Tax considerations when targeting distressed companies for acquisition
Over the past couple of years the Brazilian economy has being struggling with the deepest recession the country has ever experienced. As Flavio Mifano, a partner at Mattos Filho, Veiga Filho, Marrey Jr e Quiroga, was completing this article, a consensus was being built among economists on the view that such recession is finally over and that a slight increase in the GDP could be expected at the year-end.
A number of causes could be raised along with the unprecedented crises and corruption scandals that affected both the congress and the Brazilian government, but this article intends neither to address such causes nor to present the many positive factors arising from the crises that will certainly benefit the country in the long run.
In the short term, many opportunities may be found in the Brazilian markets including, for obvious reasons, mergers and acquisitions involving distressed assets, among which overleveraged companies that failed to meet financial covenants, causing the acceleration of their financial debt and the need to renegotiate with creditors.
The purpose of this article is to briefly address certain key Brazilian tax impacts that investors should pay attention to when targeting a transaction involving Brazilian companies under financial distress.
Recognition of income arising from the renegotiation of debt
In general, a number of different factors are balanced in a renegotiation of debt between debtors and creditors and depending on the level of financial distress and the potential of recovery of the debtor may involve:
(a) a discount on the face value of the original debt to reduce the level of indebtedness and both allow the continuity of the business and the partial recovery for the creditor (or an ‘explicit haircut’);
(b) an ‘implicit haircut’, whereby the original debt is re-profiled with a substantially duration increase and/or a reduction on the interest rate originally agreed by the parties. From a valuation perspective, such implicit haircut may be structured to emulate the financial impact of an explicit haircut (at least at the renegotiation date). While the nominal value of the original debt is not impacted, the re-profiling of the debt may cause substantial a reduction in its fair value (overtime the debt will accrue back to its face amount, but debtor benefits from an immediate relief on its the indebtedness);
(c) a debt for equity swap (‘debt/equity swap’), by which the original debt is exchange by equity instrument issued by the debtor.
While no extraordinary accounting knowledge is needed to conclude that the explicit haircut gives rise to the recognition of income arising from the portion of the liability cancelled with the renegotiation of the debt, the recognition of income derived by both an implicit haircut and a debt/equity swap may sound counterintuitive for those who are not entirely familiarised with the complex set of rules provided by the applicable International Financial Accounting Standards (IFRS) also adopted in Brazil.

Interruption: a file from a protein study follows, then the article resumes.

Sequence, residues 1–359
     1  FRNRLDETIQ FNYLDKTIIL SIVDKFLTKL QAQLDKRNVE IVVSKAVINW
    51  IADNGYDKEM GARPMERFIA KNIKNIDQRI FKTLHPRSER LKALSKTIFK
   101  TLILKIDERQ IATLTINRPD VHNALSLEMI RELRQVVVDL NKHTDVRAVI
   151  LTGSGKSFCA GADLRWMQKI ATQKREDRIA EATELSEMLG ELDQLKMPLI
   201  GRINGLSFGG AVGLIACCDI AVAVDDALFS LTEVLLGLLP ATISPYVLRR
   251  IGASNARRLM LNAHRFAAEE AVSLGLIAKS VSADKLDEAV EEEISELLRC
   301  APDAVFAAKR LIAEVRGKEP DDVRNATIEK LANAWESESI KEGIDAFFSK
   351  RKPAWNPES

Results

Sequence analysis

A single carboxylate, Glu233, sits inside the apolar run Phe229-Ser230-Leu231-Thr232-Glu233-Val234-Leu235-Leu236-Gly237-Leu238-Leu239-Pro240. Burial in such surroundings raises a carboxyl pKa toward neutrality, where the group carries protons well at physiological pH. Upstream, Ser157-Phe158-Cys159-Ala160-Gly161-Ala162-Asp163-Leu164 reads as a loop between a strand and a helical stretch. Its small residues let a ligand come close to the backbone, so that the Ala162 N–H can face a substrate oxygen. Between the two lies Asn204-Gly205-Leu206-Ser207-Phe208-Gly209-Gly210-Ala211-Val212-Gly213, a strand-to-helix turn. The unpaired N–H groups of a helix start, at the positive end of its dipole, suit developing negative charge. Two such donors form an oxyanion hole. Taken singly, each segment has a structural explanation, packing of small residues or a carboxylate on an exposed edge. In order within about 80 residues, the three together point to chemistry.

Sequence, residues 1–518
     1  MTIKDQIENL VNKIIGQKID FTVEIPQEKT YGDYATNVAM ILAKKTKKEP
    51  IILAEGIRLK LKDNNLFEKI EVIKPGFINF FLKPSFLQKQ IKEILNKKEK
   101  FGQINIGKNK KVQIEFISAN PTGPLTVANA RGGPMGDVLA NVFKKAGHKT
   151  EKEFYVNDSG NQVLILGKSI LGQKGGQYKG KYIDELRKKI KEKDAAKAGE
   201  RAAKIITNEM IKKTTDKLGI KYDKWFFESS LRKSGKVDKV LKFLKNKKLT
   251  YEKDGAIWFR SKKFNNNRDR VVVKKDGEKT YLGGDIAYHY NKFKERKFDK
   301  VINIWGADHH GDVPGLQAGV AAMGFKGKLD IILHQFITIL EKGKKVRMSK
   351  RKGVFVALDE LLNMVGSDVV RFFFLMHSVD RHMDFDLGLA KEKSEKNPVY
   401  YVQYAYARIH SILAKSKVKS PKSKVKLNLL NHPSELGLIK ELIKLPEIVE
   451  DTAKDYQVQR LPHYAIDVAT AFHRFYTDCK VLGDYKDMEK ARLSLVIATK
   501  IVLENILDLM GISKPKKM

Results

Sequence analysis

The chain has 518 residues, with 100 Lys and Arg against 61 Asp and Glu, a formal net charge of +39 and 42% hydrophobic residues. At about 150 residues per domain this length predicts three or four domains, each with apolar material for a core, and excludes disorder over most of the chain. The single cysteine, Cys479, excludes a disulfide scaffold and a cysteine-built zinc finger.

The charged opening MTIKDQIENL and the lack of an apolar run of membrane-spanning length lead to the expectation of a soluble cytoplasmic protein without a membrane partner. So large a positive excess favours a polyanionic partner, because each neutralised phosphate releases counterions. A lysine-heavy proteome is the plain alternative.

As for the implicit haircut, International Accounting Standard No 39 (IAS 39) address the subject as follows:
“40. An exchange between an existing borrower and lender of debt instruments with substantially different terms shall be accounted for as an extinguishment of the original financial liability and the recognition a new financial liability. Similarly, a substantial modification of the terms of an existing financial liability or a part of it (whether or not attributable to the financial difficulty of the debtor) shall be accounted for as an extinguishment of the original financial liability and the recognition of a new liability.
41. The difference between the carrying amount of a financial liability (or part of a financial liability) extinguished or transferred to another party and the consideration paid, including any non-cash assets transferred or liabilities assumed, shall be recognised in profit or loss.”
Pursuant to IAS 39 Application Guidance, paragraph AG62 for ”the purpose of paragraph 40, the terms are substantially different if the discounted present value of the cash flows under the new terms, including any fees paid net of any fees received and discounted using the original effective interest rate, is at least 10 per cent different from the discounted present value of the remaining cash flows of the original financial liability. If an exchange of the debt instruments or modification of terms is accounted for as an extinguishment, any costs or fees incurred are recognized as part of the gain or loss on the extinguishment. If the exchange or modification is not accounted for as an extinguishment, any costs or fees incurred adjust the carrying amount of the liability and are amortised over the remaining term or the modified liability”.
In addition to that, paragraph 43 of IAS 39 determines that a financial liability should be measured by its fair value upon its initial recognition. As a result, positive difference between the carry amount of the original liability and the fair value of the re-profiled debt would be recognised by the debtor as income affecting its profit and loss account (P&L).
In fact, impacts on the P&L of the renegotiation resulting in an implicit haircut (upon the closing of the renegotiation) are equivalent to those arising from explicit haircut, but tax impacts may be materially different as further discussed herein.
A similar accounting impact may arise in case the renegotiation is made by means of a debt/equity swap, according to the International Financial Reporting Interpretations Committee (IFRS Interpretations Committee) interpretation No 19 (IFRIC 19) that deals with the extinguishment of financial liabilities with equity instrument as follows:
“5. The issue of an entity’s equity instrument to a creditor to extinguish all or part of a financial liability is consideration paid in accordance with paragraph 41 of IAS 39. An entity shall remove a financial liability (or part of a financial liability) from its statement of financial position when, and only when, it is extinguished in accordance with paragraph 39 of IAS 39.
6. When equity instruments issued to a creditor to extinguish all or part of a financial liability are recognised initially, an entity shall measure them at the fair value of the equity instruments issued, unless that fair value cannot be reliably measured.
7. If the fair value of the equity instruments issued cannot be reliably measured then the equity instruments shall be measured to reflect the fair value of the financial liability extinguished. In measuring the fair value of a financial liability extinguished that includes a demand feature (eg. a demand deposit), paragraph 47 of IFRS 13 is not applied.